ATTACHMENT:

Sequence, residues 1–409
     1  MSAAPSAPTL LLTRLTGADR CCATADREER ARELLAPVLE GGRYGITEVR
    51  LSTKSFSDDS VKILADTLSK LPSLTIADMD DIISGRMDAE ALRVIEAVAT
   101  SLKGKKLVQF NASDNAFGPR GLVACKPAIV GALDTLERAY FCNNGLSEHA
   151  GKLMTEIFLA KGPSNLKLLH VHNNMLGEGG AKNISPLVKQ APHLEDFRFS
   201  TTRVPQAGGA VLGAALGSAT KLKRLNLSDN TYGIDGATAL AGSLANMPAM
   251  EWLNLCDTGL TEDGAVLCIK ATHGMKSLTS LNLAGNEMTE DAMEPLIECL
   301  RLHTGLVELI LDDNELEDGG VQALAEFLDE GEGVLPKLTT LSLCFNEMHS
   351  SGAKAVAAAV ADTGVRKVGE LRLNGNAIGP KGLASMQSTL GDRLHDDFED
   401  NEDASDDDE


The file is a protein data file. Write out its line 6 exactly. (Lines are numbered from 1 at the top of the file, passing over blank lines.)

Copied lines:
   201  TTRVPQAGGA VLGAALGSAT KLKRLNLSDN TYGIDGATAL AGSLANMPAM